Opportunistic beef producers who took a punt and purchased light weight cattle to feed on as an alternative turnover will see their gamble pay off after recent rainfall fired markets.
Bingara's Ben Mack (who appears on the cover) and his family run three properties totalling about 2347 hectares (5800 acres) and only two years ago had a thriving herd of 700 Angus breeders that was performing well with a shift to Speckle Park joinings a few years earlier.
But last year they were forced to destock their properties and now have about 100 females remaining.
However, in November Mr Mack decided to purchase about 300 lightweight animals from local saleyards costing from $40 to $200 at 60 kilograms to 150kg and fed them alongside his young Speckle Park cross calves.
Now about 650 head are receiving a barley or canola hay, pellets and barley grain ration. Mr Mack said it was an opportunity to generate some turnover.
"If we kept these 350 Speckle weaners that we had and just say you kept 100 or 150 heifers out of them and then joined them, it's not until 2023 that you are getting a return," he said.
"We had some fairly ordinary bigger calves around 130 to 150 kilograms, they have really jumped ahead. It will be profitable now because the younger cattle prices will jump through the roof."
It was hoped that January rain forecasts would allow for a later sorghum planting or the chance to establish an oats crop in the next two months.
Only about 40 millimetres fell on the property so far this year with storms tempting them to the north on Tuesday afternoon.
If it failed to arrive Mr Mack said they would offload the stock earlier than intended, thankfully onto a very strong market.
Colin Say and Co director Shad Bailey said the market had lifted 40c/kg to 80c/kg across the board and there were now huge returns for producers, particularly those who purchased cattle prior to Christmas.
"We saw an exceptional run of grain fed cows in Inverell (on Tuesday) and those cows could have been purchased pre-Christmas from 140c/kg to 170c/kg and returning 280c/kg to 290c/kg yesterday," he said.
Areas in the north had already responded much quicker than anticipated following scattered storms.
"The big talk is now we are not far away from our northern weaner sales and at one stage we thought those producers might hang and hold tight, but with these current prices we just may see numbers come forward at lighter weights," he said.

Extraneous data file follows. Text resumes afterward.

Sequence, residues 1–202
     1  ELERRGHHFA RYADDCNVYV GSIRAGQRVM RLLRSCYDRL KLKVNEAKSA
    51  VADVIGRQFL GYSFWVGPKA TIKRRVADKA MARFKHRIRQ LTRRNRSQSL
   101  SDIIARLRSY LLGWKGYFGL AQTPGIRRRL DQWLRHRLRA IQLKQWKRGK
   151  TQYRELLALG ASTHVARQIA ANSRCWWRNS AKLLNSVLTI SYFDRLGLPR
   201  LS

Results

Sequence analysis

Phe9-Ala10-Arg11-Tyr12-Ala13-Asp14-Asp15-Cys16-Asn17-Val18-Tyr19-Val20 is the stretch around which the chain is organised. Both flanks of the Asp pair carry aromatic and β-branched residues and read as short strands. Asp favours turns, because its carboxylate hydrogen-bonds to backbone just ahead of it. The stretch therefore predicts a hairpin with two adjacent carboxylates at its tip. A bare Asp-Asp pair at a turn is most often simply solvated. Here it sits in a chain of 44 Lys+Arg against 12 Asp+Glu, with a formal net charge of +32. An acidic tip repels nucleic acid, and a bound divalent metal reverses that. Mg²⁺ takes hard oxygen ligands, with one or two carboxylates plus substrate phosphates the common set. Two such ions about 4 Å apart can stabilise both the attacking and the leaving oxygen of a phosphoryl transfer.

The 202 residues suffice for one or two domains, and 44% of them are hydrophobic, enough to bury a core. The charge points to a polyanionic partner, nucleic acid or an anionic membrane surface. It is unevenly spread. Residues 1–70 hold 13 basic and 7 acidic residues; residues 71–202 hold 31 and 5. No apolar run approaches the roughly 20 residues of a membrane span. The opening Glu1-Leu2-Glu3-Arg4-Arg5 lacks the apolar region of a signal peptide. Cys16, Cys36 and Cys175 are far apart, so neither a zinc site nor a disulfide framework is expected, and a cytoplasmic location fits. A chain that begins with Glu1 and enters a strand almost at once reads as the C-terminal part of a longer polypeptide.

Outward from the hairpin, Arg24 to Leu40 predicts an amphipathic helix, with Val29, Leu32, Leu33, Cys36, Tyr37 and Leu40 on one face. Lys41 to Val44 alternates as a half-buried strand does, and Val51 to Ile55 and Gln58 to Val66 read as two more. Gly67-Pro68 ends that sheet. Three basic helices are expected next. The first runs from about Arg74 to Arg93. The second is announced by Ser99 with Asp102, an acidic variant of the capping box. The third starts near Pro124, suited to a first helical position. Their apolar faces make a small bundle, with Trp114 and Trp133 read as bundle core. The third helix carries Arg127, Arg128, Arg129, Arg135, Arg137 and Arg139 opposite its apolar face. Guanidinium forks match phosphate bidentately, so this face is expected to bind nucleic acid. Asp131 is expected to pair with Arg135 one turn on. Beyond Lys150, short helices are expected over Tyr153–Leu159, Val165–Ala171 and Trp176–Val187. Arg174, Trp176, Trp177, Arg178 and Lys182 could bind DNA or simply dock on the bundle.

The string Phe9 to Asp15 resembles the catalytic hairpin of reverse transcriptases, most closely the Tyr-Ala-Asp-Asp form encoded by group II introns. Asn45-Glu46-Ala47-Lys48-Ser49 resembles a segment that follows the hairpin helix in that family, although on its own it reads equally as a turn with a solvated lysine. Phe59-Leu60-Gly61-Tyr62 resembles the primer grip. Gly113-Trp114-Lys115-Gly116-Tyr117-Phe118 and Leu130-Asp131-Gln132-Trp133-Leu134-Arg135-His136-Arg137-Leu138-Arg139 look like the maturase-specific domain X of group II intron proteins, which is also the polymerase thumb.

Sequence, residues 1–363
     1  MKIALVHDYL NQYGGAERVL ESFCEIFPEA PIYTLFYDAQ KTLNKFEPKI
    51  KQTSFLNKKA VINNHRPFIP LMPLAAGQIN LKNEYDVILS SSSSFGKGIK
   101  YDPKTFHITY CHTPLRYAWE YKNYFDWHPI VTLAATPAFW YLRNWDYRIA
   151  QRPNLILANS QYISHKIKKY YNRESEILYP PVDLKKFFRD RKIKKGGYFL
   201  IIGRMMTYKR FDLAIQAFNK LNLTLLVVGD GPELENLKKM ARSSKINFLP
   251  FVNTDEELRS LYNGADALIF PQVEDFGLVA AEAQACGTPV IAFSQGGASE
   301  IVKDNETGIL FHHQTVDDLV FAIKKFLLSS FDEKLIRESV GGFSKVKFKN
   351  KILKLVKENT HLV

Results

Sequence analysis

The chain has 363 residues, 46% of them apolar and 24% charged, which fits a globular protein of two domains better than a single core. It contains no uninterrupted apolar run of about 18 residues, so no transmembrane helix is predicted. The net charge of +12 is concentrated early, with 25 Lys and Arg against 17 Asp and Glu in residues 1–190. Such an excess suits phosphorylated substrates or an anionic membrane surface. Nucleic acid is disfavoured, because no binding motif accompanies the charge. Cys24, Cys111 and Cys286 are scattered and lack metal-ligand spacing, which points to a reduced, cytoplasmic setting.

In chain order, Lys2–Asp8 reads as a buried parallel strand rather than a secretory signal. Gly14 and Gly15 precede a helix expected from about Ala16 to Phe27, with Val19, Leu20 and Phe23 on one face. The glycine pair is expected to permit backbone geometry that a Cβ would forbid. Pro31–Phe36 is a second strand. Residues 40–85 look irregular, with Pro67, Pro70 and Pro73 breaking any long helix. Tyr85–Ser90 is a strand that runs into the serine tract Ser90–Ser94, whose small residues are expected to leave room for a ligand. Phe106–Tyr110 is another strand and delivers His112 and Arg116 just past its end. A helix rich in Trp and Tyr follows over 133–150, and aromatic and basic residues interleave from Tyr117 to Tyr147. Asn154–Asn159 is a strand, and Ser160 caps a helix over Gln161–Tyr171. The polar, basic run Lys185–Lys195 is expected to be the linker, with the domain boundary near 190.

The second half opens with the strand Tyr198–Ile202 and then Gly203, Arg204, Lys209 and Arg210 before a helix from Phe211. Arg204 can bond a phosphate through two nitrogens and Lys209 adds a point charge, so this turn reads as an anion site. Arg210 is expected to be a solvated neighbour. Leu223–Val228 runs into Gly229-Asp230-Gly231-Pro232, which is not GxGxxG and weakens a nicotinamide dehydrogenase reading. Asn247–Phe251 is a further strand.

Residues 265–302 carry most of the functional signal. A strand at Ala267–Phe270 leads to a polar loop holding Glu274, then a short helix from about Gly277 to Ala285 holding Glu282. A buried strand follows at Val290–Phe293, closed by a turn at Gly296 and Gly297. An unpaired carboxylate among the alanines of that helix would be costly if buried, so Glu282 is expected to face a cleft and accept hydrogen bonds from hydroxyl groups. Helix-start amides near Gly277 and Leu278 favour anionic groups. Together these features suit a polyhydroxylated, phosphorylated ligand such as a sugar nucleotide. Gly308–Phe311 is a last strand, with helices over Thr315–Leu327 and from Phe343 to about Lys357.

After a couple of years of good seasons and cattle prices, the Mack family were "sailing along good" before their luck turned around.
Some six or seven years ago they decided to make the genetic change to Speckle Park after noting their yield and doing ability.
"The end of 2016 was our best year with them," Mr Mack said.
"We really found Speckles just did unreal. There was no supplementary feeding in the paddock that year and we really noticed how everything went to Coles and Woolies and there was a huge gain using Speckles over the cows."
A year ago they thought the drought may have been breaking after considerable rain around Christmas. Crop was in the ground and the cows had been taken off cotton seed.
Now the commercial operation is back feeding its breeders cane hay, barley grain and oaten silage to improve fertility at joining.
All of their replacement heifers have since been offloaded.
"We had them fat and ready to join but we had to make the decision not to keep any replacements and we sold them all," Mr Mack said.
The Macks are no strangers to confinement feeding. In 2000 they were feeding at least 100 Friesians from a nearby dairy and supplementing them on a lucerne paddock.
"You can make pretty handy money and it's a lot easier to do if you have got green feed as well you can supplementary feed on," Mr Mack's father Robert Mack said.
"When you have got to give them everything they need, it's a costly exercise."
Ben Mack noted that if they purchased in young stock again he would buy less light weight animals and more of better quality.
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